Thursday, August 27, 2009

Going to a Mosque

In Cairo it is not common for women to go and pray in mosques, so I've never had the chance to go and pray or attend lectures or pray Taraweeh. The only time I have prayed in a mosque was during Umrah, and I fell in love with it. It's nice to pray at home sometimes, but the experience of praying in a mosque with other Muslims is an amazing one.

I know there are a lot of mosques in The Hague, but I'm too scared to go and check them out. What do I do when I go there? Do I just go inside and pray? Or should I talk to someone there? How do I find out about events, classes, Taraweeh? I know these sound like stupid questions but I really have no idea since I've never been to a mosque before!

I've also heard about bad experiences in mosques, for example women forming cliques etc, which kind of makes me not want to go. I'm scared that everyone will be really judgmental or unfriendly, and that it'll be a negative experience.

On the other hand, I've had a really lonely Ramadan so far (eating iftar alone is not fun!) so it would be really nice to meet some Muslims. I'm starting to notice a barrier between people I've met so far and me, in that they all love to party and drink, and I don't. So maybe meeting other Muslims means I'll find a social environment that suits me better, inshallah.

What was your experience of going to a mosque for the first time? Did you go alone?
Does anyone have any advice on what I should do?

Sunday, August 23, 2009

Qur'anic Wisdom

I hope everyone is having a great Ramadan so far, inshallah =)

I just wanted to post a few things from the Qur'an that I came across today and loved.

Islam is a religion full of rituals. We pray 5+ times a day, we fast, we pay zakat - there are a lot of rituals involved in being a Muslim, and they do a great job of strengthening and expanding one's spirituality, as well as letting one become as close to God as possible. However, to someone who doesn't really believe, all these rituals can seem very burdensome and annoying:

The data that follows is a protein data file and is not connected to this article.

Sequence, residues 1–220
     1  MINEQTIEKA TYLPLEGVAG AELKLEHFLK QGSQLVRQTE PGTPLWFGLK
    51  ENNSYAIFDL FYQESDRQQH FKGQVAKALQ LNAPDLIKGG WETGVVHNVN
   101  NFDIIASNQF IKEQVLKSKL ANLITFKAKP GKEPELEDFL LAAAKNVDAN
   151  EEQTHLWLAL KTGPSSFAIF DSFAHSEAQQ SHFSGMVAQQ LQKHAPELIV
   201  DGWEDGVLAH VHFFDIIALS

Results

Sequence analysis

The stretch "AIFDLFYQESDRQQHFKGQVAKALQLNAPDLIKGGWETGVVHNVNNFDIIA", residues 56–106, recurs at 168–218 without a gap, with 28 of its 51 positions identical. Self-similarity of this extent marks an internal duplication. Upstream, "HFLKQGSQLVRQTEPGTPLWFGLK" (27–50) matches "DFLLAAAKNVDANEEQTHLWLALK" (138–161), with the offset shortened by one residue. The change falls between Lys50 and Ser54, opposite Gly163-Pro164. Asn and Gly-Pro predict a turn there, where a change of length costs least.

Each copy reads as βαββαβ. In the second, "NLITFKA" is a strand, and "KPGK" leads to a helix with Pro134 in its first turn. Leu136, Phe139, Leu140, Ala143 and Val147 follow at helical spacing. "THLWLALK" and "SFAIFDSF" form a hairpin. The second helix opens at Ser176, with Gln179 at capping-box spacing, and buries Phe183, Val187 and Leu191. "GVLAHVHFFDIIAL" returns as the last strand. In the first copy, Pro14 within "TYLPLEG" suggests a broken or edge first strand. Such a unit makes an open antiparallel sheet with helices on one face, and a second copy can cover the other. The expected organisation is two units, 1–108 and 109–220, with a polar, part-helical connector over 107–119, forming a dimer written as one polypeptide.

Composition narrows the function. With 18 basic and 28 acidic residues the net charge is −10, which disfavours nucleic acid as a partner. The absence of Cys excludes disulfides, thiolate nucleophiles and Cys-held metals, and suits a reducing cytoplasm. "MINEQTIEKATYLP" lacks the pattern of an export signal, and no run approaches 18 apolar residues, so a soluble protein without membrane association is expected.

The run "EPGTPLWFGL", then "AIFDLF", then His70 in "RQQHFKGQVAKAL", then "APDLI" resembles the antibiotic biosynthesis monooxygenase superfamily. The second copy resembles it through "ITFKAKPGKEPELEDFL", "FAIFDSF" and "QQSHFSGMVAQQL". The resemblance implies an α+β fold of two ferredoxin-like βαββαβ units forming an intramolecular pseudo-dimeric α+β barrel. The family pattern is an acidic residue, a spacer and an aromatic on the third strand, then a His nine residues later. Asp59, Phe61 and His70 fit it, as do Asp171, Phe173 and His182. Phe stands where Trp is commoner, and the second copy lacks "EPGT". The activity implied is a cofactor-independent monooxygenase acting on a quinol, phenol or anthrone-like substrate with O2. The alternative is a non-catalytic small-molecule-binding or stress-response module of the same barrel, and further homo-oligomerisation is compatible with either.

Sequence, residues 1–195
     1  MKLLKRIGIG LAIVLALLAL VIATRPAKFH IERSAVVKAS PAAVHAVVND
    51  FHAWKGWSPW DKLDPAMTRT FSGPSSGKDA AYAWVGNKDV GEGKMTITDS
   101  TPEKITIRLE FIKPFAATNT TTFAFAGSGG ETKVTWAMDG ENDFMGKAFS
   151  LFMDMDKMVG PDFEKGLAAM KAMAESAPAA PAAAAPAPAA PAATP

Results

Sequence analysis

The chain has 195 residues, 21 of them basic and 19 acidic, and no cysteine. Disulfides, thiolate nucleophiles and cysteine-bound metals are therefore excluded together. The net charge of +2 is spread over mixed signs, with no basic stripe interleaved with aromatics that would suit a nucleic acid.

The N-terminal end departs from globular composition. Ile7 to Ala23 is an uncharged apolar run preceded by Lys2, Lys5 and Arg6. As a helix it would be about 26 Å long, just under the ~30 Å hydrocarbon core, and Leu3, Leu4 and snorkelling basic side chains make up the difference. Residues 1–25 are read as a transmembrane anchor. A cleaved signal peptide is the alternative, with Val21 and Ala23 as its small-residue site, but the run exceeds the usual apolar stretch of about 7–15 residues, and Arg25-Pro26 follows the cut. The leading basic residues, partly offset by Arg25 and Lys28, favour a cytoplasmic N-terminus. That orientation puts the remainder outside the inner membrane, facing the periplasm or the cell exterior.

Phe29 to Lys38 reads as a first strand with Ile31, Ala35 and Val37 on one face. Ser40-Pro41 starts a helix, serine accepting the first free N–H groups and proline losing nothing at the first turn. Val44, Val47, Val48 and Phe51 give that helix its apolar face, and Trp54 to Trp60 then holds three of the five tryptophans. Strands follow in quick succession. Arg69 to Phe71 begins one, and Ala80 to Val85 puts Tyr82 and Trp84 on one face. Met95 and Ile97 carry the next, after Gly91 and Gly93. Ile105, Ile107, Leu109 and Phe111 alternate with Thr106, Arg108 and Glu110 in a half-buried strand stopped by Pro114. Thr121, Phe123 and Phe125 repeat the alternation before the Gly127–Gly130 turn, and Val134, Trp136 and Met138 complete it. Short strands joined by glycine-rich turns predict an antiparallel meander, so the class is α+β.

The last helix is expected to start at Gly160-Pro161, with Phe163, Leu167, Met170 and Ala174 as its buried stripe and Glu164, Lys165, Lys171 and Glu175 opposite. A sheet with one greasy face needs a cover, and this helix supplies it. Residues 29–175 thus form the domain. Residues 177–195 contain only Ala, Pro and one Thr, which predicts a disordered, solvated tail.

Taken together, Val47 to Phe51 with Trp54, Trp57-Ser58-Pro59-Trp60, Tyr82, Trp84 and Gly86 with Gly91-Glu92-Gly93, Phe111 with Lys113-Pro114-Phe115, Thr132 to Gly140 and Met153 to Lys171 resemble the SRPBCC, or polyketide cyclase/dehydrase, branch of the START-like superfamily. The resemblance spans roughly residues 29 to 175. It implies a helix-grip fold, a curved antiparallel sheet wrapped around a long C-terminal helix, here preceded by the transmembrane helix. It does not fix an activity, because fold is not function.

"Seek help in patience and prayer, prayer that is indeed burdensome except for the devout, for those who believe they will meet their Lord, and that to Him they shall return." 2:46

People have sometimes asked me, "isn't it hard to do all those things?" And I've always replied with a firm no. It is not hard, and it is not a burden - in fact it's an honour. These rituals that take up a large part of my life are liberating, beautiful, and help me become a better person. However, to someone who may not feel God, they probably seem like a nuisance, a chore.

I remember how 2 years ago, I could never imagine giving up certain things that were part of my lifestyle. But then I began praying, and bit by bit, I lost the urge to do any of those things. From an outsider's perspective, it may look like Islam was forcing me or oppressing me in terms of lifestyle. But that wasn't how I saw it at all. I gladly gave up alcohol and partying. It didn't even matter. And it still doesn't matter. Because I'm doing it for God.

This is why religion isn't just about logic. It's also about feeling. A connection between you & God, and without that connection, a lot of things may seem harder than they actually are.

Another part I particulalry liked, as it sums up what being a good person is: